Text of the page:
National Sections of the L5I:

CWI on imperialist wars

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The armed struggle against the massive oppression of the US occupation has now gone on for two years. Without any doubt, the struggle has been spearheaded by the Iraqi petty-bourgeoisie and capitalist class, in the form of a large number of resistance groups. What signifies these groups? Firstly, their division, how they’re unable to unite the struggle or at least reach any long-term co-operation on a national level. Secondly, their inability to massively incorporate the Iraqi working class in the struggle. Thirdly, and this follows from the first two hallmarks, the form of the struggle - an elitist guerrilla war with considerable lack of mass actions, but nevertheless supported by the masses.

In sharp contrast to this is the enormous fighting spirit of the Iraqi masses and their unselfish self-sacrifice in face of the world’s largest and most well-organised military apparatus, this despite imperialist terror on a scale never seen before.

Thus, we can establish that neither the Iraqi capitalist class not the petty-bourgeoisie have managed to organise a resistance on national level or give it any political content during the last two years, despite favourable atmosphere amongst the masses. There’re several good reasons to why this is the case, something we don’t need to investigate closer here; we’ll settle with saying that the capitalists and the petty-bourgeoisie tried, and failed. This fact strongly points to that the working class is the only class in Iraq able to organise and lead the resistance in an efficient and successful way.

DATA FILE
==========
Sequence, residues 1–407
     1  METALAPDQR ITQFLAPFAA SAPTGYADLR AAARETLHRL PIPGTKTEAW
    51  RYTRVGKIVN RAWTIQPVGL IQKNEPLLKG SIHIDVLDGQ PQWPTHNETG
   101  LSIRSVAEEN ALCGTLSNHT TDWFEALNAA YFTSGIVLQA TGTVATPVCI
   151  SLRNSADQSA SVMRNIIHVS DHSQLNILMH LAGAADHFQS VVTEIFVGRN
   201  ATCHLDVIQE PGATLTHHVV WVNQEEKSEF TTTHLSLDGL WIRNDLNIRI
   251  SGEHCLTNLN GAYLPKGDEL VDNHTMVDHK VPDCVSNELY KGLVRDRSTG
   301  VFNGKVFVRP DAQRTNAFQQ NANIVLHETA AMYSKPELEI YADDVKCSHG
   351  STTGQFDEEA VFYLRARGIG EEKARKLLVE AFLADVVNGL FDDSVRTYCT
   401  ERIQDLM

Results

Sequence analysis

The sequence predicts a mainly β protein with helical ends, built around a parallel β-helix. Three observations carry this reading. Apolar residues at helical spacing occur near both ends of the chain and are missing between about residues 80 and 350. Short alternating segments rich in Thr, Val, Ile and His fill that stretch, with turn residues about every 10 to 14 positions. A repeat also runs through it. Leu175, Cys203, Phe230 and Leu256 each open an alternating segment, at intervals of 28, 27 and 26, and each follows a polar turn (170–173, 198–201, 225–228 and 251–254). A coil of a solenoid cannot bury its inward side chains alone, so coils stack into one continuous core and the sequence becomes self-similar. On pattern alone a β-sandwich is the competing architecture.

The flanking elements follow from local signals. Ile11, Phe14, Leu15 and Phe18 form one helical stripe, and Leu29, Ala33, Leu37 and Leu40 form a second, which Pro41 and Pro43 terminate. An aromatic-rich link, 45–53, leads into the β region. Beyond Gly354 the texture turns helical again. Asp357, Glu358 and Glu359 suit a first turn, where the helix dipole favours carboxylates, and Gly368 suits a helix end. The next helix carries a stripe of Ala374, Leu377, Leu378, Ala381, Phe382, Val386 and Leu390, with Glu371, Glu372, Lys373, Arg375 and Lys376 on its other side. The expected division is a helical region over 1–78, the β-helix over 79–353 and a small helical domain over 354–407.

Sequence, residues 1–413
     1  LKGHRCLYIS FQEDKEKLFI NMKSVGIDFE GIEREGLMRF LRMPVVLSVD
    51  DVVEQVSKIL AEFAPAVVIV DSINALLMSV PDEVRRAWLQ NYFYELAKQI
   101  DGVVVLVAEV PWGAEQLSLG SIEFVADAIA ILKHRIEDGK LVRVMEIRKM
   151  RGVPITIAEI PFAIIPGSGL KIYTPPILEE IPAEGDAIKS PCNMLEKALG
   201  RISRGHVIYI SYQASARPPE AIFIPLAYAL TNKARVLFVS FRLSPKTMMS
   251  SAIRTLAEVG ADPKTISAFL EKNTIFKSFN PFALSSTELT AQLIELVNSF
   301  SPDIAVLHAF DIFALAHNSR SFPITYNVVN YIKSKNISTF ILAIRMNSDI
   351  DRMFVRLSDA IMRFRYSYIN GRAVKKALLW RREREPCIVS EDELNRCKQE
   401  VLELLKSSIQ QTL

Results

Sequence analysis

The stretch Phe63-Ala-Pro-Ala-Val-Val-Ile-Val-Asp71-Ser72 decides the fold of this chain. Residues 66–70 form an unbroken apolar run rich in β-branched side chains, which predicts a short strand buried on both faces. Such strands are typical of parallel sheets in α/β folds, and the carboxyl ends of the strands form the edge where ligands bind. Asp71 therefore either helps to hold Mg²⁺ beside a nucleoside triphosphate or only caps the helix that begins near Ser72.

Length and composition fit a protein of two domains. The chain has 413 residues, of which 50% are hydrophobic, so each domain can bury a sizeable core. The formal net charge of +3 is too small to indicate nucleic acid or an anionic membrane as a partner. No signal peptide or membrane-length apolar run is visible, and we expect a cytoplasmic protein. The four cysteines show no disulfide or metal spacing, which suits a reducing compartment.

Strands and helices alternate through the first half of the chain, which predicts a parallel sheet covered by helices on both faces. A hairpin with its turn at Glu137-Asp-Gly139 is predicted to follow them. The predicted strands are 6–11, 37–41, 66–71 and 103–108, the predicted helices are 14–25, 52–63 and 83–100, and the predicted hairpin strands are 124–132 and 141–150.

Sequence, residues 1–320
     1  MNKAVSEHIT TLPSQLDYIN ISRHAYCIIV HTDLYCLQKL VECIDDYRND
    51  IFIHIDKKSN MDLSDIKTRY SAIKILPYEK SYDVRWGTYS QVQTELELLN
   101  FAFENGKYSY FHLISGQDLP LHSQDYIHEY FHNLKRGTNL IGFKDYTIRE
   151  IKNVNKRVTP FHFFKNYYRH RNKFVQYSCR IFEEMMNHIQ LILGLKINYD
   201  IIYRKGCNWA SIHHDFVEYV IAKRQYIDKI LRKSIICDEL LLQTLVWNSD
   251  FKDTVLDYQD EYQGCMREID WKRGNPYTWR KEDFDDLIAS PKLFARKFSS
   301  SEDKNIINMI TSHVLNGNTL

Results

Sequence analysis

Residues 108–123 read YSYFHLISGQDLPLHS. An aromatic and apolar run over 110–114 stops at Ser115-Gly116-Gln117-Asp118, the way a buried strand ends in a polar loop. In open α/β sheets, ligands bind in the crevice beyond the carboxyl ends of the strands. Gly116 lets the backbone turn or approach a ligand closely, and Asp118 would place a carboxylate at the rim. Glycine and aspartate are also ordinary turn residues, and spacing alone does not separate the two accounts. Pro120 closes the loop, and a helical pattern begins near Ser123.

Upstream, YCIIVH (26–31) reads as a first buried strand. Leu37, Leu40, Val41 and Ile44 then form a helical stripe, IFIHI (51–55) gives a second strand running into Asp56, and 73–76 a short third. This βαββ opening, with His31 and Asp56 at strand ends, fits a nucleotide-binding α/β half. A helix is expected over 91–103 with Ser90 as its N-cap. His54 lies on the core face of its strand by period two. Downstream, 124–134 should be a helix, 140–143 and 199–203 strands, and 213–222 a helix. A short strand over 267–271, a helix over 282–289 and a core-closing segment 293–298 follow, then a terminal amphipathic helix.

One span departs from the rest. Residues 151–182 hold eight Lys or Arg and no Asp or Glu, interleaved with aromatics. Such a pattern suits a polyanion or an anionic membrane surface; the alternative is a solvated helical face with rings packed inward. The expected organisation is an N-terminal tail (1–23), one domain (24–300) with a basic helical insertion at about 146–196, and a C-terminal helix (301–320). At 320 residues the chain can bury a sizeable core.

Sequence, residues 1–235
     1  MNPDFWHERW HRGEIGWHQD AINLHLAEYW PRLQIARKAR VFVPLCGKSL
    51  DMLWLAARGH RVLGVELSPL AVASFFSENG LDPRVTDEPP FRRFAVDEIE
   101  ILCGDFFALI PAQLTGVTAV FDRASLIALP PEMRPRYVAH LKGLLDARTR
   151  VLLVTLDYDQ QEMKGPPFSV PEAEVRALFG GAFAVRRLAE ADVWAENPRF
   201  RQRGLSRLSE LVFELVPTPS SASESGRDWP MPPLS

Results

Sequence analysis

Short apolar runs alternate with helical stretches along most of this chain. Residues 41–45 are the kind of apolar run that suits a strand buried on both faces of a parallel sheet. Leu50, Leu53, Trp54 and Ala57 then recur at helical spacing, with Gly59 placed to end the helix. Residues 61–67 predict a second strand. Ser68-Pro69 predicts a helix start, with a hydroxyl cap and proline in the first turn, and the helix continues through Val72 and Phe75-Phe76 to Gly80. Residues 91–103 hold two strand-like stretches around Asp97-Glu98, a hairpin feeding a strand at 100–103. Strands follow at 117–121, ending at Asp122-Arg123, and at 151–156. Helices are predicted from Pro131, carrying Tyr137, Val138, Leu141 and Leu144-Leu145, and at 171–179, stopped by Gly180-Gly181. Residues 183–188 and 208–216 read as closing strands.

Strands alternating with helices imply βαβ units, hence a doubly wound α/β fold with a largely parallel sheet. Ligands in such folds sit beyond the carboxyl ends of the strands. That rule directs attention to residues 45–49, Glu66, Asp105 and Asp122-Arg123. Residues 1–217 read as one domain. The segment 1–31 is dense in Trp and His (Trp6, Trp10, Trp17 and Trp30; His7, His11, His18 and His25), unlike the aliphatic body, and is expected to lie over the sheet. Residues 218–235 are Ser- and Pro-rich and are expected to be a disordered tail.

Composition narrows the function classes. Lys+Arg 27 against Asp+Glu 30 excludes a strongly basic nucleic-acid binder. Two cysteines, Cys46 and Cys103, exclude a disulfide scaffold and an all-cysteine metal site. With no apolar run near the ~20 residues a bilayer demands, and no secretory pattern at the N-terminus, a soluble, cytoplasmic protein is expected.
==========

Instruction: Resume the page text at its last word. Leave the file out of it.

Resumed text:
But the working class of Iraq has yet to awaken politically, and it hasn’t organised to struggle. First and foremost it lacks a revolutionary, Marxist party. Without such a party, the struggle will remain in the hands of the weak Iraqi capitalists for as long the occupation remains.

Luckily, the world is a highly interconnected system under the current imperialist epoch. The struggle of the working class of Iraq is heavily relying on the workers’ struggle in other parts of the world, and vice versa. This fact opens a possibility for the antiwar and anti-capitalist movement to aid the Iraqi working class also through a struggle that might be centred in the imperialist heartlands.